Behavioural Treatments For PTSD
Prolonged exposure is a manual-guided CBT comprising ten, sixty-to-ninety-minute weekly individual therapy sessions. We can explain the central therapeutic component of prolonged exposure on "Pavlovian learning theory."
The treatment involves repeatedly presenting a conditioned stimulus (e.g., a trauma reminder) in the absence of an unconditioned stimulus (e.g., the traumatic event). They do this through imaginal exposure during therapy sessions and through in vivo exposure in the environment.
On average, prolonged exposure proves robust symptom severity improvement.
Another manual-guided cognitive behavioural modality that has received strong empirical support to treat PTSD is cognitive processing therapy.
Cognitive processing therapy comprises twelve weekly, 60-minute individual sessions.
This therapy involves
- Imagining and reviewing written narratives
- these depict the thoughts and emotions about the traumatic event.
- Participants receive homework assignments
- Designed to identify and challenge the maladaptive thought patterns that maintain the symptoms.
Modified Group-Therapy Cognitive Therapy
A modified group-therapy version of cognitive processing therapy has promising results.
Evidence also supports the effectiveness of cognitive-only cognitive processing therapy.
- Cognitive skill-building
- Cognitive restructuring skills.
The cognitive-only therapy does not employ written narratives, and the most recent treatment manual recommends cognitive-only therapy as the first-line version, with written narratives as an optional modification.
Eye Movement Desensitization and Reprocessing
Eye movement desensitisation and reprocessing is one of the three most-studied treatments for PTSD.
This therapy incorporates a variety of techniques, including prolonged exposure and cognitive restructuring, but it differs in that it applies these techniques in conjunction with guided eye movement exercises.
Narrative exposure therapy is a manual-guided psychotherapy developed to treat PTSD among individuals seeking asylum from political or organized violence.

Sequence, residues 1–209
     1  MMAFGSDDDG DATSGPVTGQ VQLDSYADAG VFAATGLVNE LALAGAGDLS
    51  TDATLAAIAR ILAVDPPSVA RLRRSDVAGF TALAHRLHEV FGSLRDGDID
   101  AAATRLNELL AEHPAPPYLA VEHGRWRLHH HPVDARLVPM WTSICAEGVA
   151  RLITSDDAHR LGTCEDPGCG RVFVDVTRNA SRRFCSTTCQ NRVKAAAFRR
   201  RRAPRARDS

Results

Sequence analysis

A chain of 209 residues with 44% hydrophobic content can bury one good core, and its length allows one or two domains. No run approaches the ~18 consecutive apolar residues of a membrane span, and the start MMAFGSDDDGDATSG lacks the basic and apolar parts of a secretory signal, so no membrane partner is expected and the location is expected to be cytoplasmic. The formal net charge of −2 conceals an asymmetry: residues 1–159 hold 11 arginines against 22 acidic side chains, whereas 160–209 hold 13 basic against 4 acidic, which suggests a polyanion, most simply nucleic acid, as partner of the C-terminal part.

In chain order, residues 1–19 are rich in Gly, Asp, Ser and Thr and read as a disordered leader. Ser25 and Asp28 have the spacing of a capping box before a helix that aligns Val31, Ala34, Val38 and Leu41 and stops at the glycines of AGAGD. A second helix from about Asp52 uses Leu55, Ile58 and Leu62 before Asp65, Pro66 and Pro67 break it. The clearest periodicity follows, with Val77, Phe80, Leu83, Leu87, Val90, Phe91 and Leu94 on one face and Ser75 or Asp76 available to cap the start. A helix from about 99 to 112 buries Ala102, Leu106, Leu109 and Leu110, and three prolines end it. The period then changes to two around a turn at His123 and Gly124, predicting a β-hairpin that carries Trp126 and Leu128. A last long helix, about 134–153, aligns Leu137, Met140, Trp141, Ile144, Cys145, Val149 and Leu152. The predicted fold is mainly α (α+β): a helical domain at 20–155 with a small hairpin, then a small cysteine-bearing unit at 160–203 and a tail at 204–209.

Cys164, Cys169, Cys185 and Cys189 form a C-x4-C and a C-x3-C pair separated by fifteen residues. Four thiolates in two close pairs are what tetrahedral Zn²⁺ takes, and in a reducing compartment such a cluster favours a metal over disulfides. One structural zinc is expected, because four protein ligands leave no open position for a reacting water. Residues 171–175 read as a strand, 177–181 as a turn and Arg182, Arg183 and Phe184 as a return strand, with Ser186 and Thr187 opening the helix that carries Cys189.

In this technique, which also includes psychoeducation about PTSD, participants narrate their relevant developmental memories in chronological order and narrate details of their trauma exposures as they were experienced over time. Typically, the sessions are 60 to 120 minutes, once a week for 4 to 10 weeks.
Present-centered therapy is a time-limited intervention that includes a psychoeducation component, skill development to manage daily stressors and challenges, and homework to solidify the new skills developed in sessions., This therapy has demonstrated efficacy in a variety of populations and is commonly used in randomized controlled trials as a comparator for new or adapted PTSD treatments.
Cognitive Behavioral Conjoint Therapy
Cognitive behavioral conjoint therapy for PTSD is a manual-guided, 15-session CBT. This intervention is designed to improve PTSD symptoms and relationships at the same time.
Research in this area is critical, as dyadic distress and dysfunction are saliently associated with poor individual PTSD treatment outcomes.
Cognitive behavioral conjoint therapy involves psychoeducation on PTSD and relationships, learning communication skills to address avoidance related to PTSD and relationship problems, and challenging trauma-related beliefs.
The empirical literature on other interventions is limited, but the research shows promising findings. These integrate cognitive behavioral and other therapeutic approaches.
• Emotion-focused therapy
• Brief eclectic psychotherapy.